On January 7, 2020, the United States Tax Court issued its division opinion in Frost v. Commissioner, 152 T.C. No. 2. For tax professionals who practice in the Tax Court, the decision in Frost is worth a quick read as it discusses the proper allocation (and shifting) of the burden of production in Section 6751(b) penalty cases, the latter of which is currently a hot issue.
Mr. Frost was a former IRS collections officer. After his employment with the IRS, he set off on his own to become a self-employed salesman and consultant. He also prepared federal income tax returns. On his 2010 through 2012 returns, he reported his business income and expenses on Schedule C. He also reported a partnership loss on Schedule E of his 2011 return.
The IRS selected Mr. Frost’s returns for examination, resulting in the IRS Office of Appeals issuing a notice of deficiency (“NOD”) for the years at issue. The NOD disallowed many of Mr. Frost’s Schedule C deductions and his loss on Schedule E. In addition, the NOD determined that Mr. Frost was liable for accuracy-related penalties under Section 6662 for negligence and/or substantial understatements of income tax.
Mr. Frost timely filed a petition with the Tax Court. During those proceedings, the IRS produced a Civil Penalty Approval Form (“Approval Form”). The Approval Form was necessary to support the IRS’ burden of production on the penalties issue. See also Section 7491(c). However, the Approval Form indicated the accuracy-related penalty had been approved only for substantial understatement of income tax (and not negligence) for 2012. Thus, the Approval Form did not address the 2010 and 2011 penalties.
Because many of the deductions claimed by Mr. Frost required strict substantiation under Section 274(d), the Tax Court wasted little time in disallowing Mr. Frost’s Schedule C deductions. Moreover, because Mr. Frost was unable to substantiate his basis in the partnership, the Tax Court similarly disallowed his loss claimed on Schedule E.
C. The Shifting of Burdens under Section 6751(b).
The most significant part of the Frost opinion discusses the nuances of Section 6751(b). Under that provision, the initial determination of certain penalties (including accuracy-related penalties under Section 6662) must be approved in writing by an IRS manager or supervisor. In recent decisions, the Tax Court has held that the IRS must show that the agent imposing the penalty obtained written managerial approval prior to the first formal communication to the taxpayer of the penalties. See Clay v. Comm’r, 152 T.C. 223, 249 (2019); Belair Woods, LLC v. Comm’r, 154 T.C. No. 1 (Jan. 6, 2020).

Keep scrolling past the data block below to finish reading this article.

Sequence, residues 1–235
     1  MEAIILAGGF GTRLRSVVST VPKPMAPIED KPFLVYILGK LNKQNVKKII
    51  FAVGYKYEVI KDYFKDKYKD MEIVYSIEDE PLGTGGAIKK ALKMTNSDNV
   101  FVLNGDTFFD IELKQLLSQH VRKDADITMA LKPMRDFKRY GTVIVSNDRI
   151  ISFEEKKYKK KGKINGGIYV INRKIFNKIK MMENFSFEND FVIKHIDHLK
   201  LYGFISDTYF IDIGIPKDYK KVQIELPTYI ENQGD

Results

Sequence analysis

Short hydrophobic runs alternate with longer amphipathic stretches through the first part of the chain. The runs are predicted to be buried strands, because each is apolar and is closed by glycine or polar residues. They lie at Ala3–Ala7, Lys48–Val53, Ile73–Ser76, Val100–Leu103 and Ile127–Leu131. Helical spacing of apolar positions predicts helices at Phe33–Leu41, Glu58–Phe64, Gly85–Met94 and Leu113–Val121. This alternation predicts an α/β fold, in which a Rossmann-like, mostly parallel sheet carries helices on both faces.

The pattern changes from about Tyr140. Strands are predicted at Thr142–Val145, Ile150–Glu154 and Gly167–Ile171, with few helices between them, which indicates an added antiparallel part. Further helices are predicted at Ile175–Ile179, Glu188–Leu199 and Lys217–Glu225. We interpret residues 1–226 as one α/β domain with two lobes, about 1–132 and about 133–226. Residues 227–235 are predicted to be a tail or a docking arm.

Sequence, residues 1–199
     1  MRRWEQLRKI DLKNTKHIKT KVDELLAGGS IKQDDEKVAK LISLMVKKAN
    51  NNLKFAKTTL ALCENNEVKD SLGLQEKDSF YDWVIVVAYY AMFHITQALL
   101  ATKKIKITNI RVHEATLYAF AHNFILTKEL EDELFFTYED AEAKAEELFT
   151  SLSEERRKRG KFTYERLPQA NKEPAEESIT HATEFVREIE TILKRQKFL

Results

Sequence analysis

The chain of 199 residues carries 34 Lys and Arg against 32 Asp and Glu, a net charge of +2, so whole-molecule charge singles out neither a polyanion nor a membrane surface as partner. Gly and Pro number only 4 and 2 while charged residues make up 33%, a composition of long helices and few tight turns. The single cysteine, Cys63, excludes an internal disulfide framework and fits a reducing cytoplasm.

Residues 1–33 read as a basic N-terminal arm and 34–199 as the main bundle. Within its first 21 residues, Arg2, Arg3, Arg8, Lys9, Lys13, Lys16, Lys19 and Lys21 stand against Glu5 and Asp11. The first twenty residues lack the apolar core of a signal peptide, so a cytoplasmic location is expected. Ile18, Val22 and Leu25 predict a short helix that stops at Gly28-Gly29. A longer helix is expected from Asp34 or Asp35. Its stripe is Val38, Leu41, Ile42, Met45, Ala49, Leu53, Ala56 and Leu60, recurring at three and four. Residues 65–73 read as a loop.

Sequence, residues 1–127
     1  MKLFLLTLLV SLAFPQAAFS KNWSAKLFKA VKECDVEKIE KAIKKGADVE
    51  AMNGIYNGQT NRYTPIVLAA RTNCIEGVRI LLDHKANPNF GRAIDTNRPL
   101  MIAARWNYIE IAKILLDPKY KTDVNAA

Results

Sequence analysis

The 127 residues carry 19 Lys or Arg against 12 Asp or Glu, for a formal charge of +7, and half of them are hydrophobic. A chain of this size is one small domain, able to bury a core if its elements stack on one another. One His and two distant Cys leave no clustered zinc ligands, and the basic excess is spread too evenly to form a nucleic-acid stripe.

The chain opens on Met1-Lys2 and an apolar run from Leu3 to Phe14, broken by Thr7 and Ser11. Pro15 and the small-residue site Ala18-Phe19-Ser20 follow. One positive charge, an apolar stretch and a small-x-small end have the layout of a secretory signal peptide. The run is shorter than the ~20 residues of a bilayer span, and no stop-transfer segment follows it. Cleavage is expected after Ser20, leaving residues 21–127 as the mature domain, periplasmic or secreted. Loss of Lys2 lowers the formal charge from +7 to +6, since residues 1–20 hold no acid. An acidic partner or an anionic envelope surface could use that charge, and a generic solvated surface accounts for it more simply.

Given these recent decisions, the Tax Court was confronted for the first time with the issue of which party (the IRS or the taxpayer) should bear the burden of production regarding the first formal penalty communication to the taxpayer. In Frost, the Tax Court held that the initial burden of production with respect to the Section 6751(b) penalty issue was on the IRS, provided the taxpayer properly challenged the IRS’ penalty determination. This is another cautionary tale to taxpayers and tax professionals to raise all issues in the Tax Court petition or risk having those issues waived. See also Tax Court Rule 34(b)(4) (“Any issue not raised in the assignments of error shall be deemed conceded”).
If the issue is properly raised, the IRS has the initial burden of production in providing evidence that Section 6751(b) managerial approval was obtained. Generally, the IRS meets this burden through producing the appropriate penalty approval form reflecting a date of approval prior to the first formal communication of the penalty to the taxpayer. If the IRS meets this burden of production, the burden then shifts to the taxpayer to provide contrary evidence that the IRS improperly communicated the penalty determination to the taxpayer prior to obtaining written managerial approval under Section 6751(b).
Here, the Tax Court concluded that the IRS had failed to meet its initial burden of production on the 2010 and 2011 accuracy-related penalties. Specifically, the Tax Court found that the Approval Form failed to cover those tax years, and therefore the IRS had failed to provide sufficient evidence that manager approval had, in fact, been obtained prior to the first formal communication of the penalty to the taxpayer.
Because the Approval Form covered 2012, the Tax Court held that the IRS had met its initial burden of production on the accuracy-related penalty for such year. But because the Approval Form only indicated managerial approval for the penalty on substantial understatement of tax grounds and not negligence, the Tax Court concluded that the IRS had failed to meet its burden of production to impose the accuracy-related penalty due to negligence.
Accordingly, the burden shifted to Mr. Frost to provide evidence that the IRS improperly communicated the initial penalty determination to him prior to the Approval Form signature date. Because Mr. Frost offered no such evidence, the Tax Court determined that the IRS had complied with the requirements of Section 6751(b). In the end, Mr. Frost, as a former IRS employee and tax preparer, could not show reasonable cause with respect to the 2012 accuracy-related penalty, and therefore the penalty was sustained.
If the IRS raises penalty issues in a notice of deficiency, taxpayers are almost always well advised to challenge the penalty determinations in the Tax Court petition. A taxpayer’s failure to do so may result in a waiver of the penalty issue. As shown in Frost, putting the penalty determinations at issue may result in a win on procedural grounds, regardless of the merits of the penalty determination.